This collection of urban photographic works is linked to an exhibition of my work held at the Bath Literary and Scientific Institution in November 2011. It is part of the wider 'Bath Art Affair' an annual exhibition by over 30 private and public galleries in Bath who belong to the joint Bath Galleries Group. (Website http://www.bathgalleriesgroup.com/ ) the exhibition of 40 works is included here along with many more. The exhibition website is here: http://david-lewis-baker-images.smugmug.com/
I have been photographing the street life and buildings of world cities for the past 30 years, often on my travels around the globe to academic conferences and as a fine artist I bring to bear an instinctive eye for detail and sense of theatricality, grandeur and place. Many pieces are in the great traditions of urban and street photography, sometimes seeking to deal with iconic sights in a novel manner, or recording tiny moments in time as people hurry by or relax. In the process I focus on those elements of cities and their street life that are often ignored. Amongst other things the works displayed reflect my belief that Bath, a UNESCO World Heritage Site, small though it is, bears comparison with the other world cities examined here, many with more obvious roots in modernism and dynamic change. This is achieved by placing images of iconic buildings and scenes of the life of the city of Bath amongst comparable images from the other 'world cities' including London, New York, Chicago, Delhi, Mumbai, Paris, Madrid, Berlin, Bologna, Cincinnati, and Manchester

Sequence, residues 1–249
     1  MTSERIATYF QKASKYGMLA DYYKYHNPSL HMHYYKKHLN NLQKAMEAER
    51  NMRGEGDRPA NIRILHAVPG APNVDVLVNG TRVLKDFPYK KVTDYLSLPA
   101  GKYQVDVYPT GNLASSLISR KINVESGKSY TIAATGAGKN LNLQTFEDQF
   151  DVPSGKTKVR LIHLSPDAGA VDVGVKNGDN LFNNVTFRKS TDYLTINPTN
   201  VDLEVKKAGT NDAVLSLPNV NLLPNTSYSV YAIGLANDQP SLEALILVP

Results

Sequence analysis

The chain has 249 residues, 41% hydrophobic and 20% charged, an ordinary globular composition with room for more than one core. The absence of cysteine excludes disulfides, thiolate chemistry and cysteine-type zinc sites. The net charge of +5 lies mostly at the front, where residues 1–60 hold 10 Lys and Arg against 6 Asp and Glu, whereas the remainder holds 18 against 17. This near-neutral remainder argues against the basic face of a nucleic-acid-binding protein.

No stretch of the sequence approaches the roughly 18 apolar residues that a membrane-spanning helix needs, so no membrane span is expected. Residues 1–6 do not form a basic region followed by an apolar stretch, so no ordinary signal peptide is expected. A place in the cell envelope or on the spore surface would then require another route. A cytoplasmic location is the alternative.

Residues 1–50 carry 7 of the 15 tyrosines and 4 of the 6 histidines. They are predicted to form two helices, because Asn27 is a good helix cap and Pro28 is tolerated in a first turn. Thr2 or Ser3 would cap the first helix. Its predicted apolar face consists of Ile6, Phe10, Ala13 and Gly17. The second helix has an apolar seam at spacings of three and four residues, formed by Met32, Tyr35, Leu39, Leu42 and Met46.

The long tradition of urban street photography, to which my work pays due homage, includes urban landscapes as well as street life. Seminal figures in this tradition include Cartier-Bresson, Brassai, Robert Doisneau, William Klein, Bruce Gilden, Garry Winogrand, Andre Kertesz, Lee Friedlander, Bill Brandt, and Diane Arbus. All have had an influence upon me, whether I am aware of it or not. But I also bring my own originality to each piece including a certain sense of irony and surrealism. Cartier-Bresson famously, and correctly, remarked that the urban photographer requires: 'A velvet hand, and a hawk's eye.' While another urban photographer, Elliott Eriwt, pointed out that photography: 'has little to do with the things that you see and everything to do with the way you see them.' Finally, since reality is subjective and illusive, like all the fine arts, fine art photography is, in my view, a way of telling truths through fictions.
David Lewis-Baker, Lower Camden, Bath, September 2011